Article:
Similarly, although we sometimes refer generically to those that both employ pharmacists and engage locum pharmacists as ‘the employers’, in fact locums are not employees. Locums are ‘suppliers of pharmacist services’, and the pharmacy businesses they work for are their ‘clients’, not actually their employer.

Q3 – Who decides to call a strike?

PDA Union members democratically elect the union’s governing body, the National Executive Committee (NEC) and it is the NEC that decides when to formally ballot any group of members on the question of taking strike action.

It is then for the members employed at the relevant employer(s), and those members only, to vote as to whether or not they wish to take action.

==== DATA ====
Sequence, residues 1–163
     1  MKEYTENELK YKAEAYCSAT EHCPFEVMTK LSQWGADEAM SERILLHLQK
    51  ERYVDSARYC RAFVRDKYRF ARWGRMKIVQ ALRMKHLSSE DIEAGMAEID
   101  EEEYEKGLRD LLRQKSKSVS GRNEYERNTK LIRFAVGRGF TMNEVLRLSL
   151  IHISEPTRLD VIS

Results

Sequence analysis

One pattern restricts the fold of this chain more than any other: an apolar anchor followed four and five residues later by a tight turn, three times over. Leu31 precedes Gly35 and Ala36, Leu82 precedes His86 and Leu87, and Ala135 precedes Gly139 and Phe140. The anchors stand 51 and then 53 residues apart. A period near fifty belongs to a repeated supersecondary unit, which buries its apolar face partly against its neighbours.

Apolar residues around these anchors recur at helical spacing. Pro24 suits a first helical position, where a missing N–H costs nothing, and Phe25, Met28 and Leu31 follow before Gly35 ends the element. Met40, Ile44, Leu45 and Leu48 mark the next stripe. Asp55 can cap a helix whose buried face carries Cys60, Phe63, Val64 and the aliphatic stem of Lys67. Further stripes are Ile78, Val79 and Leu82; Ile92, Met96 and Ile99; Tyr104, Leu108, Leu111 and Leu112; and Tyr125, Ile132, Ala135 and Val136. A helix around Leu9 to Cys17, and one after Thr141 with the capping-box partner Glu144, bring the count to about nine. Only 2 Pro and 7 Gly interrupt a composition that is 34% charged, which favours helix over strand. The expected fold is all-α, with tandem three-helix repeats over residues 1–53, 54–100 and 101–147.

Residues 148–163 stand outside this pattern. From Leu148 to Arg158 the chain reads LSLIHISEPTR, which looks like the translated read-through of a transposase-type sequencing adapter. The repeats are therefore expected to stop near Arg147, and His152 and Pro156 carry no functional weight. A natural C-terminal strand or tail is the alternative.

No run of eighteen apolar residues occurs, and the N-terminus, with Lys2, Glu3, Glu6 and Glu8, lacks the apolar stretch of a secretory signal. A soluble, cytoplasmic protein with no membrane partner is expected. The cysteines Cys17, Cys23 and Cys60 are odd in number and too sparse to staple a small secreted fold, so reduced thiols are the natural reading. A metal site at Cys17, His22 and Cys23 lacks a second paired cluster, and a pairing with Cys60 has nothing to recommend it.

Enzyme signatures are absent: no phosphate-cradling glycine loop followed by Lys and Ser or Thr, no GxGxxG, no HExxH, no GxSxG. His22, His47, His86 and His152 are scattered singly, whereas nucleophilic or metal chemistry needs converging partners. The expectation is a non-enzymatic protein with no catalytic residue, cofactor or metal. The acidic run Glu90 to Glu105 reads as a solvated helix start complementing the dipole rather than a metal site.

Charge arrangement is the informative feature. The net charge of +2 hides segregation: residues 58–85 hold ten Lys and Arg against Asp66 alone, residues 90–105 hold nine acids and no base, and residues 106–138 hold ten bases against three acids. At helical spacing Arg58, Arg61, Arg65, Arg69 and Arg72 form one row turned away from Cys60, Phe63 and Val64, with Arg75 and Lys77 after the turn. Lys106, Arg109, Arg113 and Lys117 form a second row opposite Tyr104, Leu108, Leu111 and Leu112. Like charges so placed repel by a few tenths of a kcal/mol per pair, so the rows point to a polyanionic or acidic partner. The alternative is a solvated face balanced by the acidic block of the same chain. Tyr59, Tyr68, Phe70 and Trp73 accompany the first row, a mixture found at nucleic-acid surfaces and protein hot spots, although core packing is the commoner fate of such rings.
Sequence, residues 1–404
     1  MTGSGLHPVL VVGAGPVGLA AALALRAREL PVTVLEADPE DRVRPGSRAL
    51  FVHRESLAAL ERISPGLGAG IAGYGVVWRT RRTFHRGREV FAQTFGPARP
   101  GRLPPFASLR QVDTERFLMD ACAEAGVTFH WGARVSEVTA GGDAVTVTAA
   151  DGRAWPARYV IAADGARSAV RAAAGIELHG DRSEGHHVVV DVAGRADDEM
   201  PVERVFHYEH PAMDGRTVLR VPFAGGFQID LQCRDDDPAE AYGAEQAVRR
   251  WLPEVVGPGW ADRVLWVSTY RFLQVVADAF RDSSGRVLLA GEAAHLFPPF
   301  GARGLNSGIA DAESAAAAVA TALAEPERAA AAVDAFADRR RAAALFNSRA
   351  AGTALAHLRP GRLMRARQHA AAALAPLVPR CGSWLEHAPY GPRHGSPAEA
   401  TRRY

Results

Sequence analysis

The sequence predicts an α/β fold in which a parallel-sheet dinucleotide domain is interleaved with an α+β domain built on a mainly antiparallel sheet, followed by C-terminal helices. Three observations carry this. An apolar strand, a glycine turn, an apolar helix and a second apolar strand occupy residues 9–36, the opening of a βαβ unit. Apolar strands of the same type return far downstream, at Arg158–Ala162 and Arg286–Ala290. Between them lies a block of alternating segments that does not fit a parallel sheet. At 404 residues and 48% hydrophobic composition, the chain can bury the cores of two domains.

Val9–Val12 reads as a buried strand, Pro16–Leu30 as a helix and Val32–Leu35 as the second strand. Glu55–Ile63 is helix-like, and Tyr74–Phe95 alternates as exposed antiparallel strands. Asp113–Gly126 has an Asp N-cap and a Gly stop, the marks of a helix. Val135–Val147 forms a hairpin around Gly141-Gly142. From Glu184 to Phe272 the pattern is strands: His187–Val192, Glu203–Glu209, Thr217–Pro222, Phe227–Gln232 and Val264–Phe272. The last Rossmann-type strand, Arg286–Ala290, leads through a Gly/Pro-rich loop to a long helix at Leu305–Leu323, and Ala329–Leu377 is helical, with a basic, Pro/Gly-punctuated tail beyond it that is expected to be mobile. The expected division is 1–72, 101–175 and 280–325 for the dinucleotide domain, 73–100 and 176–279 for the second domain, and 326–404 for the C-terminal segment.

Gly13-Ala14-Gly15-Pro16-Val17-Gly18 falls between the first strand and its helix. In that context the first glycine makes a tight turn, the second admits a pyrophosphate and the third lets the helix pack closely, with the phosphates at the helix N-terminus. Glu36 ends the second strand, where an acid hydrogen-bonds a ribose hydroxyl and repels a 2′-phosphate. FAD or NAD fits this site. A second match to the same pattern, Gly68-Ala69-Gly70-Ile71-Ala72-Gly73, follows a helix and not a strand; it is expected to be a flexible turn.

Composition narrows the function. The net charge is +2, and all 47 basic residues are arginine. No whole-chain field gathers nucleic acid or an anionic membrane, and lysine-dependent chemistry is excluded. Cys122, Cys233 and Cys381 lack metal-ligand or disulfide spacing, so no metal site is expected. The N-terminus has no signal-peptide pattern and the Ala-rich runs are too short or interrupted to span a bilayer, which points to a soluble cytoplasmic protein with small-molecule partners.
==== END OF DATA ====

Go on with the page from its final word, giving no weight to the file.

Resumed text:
The results of such ballots are reported to the NEC.

If the ballot outcome is a lawful ‘yes’ vote for industrial action, then the NEC will decide if and when to schedule any action.

Q4 – How do you call a strike ballot?

Strike regulations in the UK are complex with detailed regulations introduced by various governments over many years. There are detailed rules on how a union can call a strike, including on the ballot process, which must be held by postal voting.

In essence, a trade union must hold a lawful ballot of its members that are employed at that particular employer(s) before holding a strike. For a legitimate strike:

  • At least 50% of the workers eligible to vote must participate,
  • A simple majority of voters in favour of strike action must be secured.

Since 2016, there is an additional threshold to meet if the workers considering a strike provide an ‘important public service’. This would normally apply to pharmacists:

  • At least 40% of those voting must vote in favour of the action.

Examples:

Fig 1: 25% in favour, 40% against. This would be a ‘no’ vote because the majority voted ‘no’.